MAKING HISTORY by Eric Marcus

MAKING HISTORY

The Struggle for Gay and Lesbian Equal Rights, 1945-1990
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KIRKUS REVIEW

 Rich and often moving oral history by participants in the gay- rights movement. Marcus (The Male Couple's Guide to Living Together, 1988--not reviewed) speaks to people from street hustlers to ministers, beginning with those who remember the early post-WW II era, when being homosexual was a crime or, at best, considered a mental disorder. The testimonies of Hal Call, Martin Block, ``Lisa Ben,'' Barbara Gittings, and other founders and early members of the Mattachine Society and the Daughters of Bilitis--both launched in the 1950's as social-outreach, quasi-political organizations- -demonstrate the real dangers and frustrations of being gay in America. There are numerous anecdotes of infighting and power struggles, but also of the police and FBI harassment that gave rise to the militancy of the Gay Liberation Front in the 1960's and 70's and, currently, of ACT UP. There are compelling reminiscences of ``coming out''; of often sleazy and dangerous gay ``clubs''; of political activism and the 1969 Stonewall riot in Greenwich Village, which galvanized gays across the country; of the antigay backlash of the 1980's and 90's; of tragic losses from suicide and AIDS. But Marcus also records stories of empowerment and triumph, such as the 1973 decision by the American Psychiatric Association to remove homosexuality from its list of mental disorders, and the appointment by then-governor Jerry Brown of gay attorney Herbert Donaldson to a California judgeship. At times shocking, but often enlightening and inspiring: oral history at its most potent and rewarding. (Twenty-five pages of b&w photos--not seen.)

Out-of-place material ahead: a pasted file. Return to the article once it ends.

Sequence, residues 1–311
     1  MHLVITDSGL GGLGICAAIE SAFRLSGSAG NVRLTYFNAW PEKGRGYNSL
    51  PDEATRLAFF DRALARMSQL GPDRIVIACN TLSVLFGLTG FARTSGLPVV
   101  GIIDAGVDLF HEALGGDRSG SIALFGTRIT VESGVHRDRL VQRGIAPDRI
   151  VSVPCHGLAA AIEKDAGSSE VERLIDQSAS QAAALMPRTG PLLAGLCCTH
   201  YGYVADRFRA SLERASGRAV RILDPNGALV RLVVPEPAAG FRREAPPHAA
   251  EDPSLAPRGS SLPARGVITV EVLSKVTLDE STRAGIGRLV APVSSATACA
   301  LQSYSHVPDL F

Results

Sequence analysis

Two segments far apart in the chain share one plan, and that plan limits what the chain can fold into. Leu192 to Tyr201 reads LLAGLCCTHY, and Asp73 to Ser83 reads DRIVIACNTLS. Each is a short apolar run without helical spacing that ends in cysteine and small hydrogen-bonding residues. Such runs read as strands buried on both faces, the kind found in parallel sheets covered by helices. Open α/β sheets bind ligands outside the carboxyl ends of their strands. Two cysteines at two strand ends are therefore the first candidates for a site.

Pub Date: June 3rd, 1992
ISBN: 0-06-016708-4
Page count: 384pp
Publisher: HarperCollins
Review Posted Online:
Kirkus Reviews Issue: April 15th, 1992




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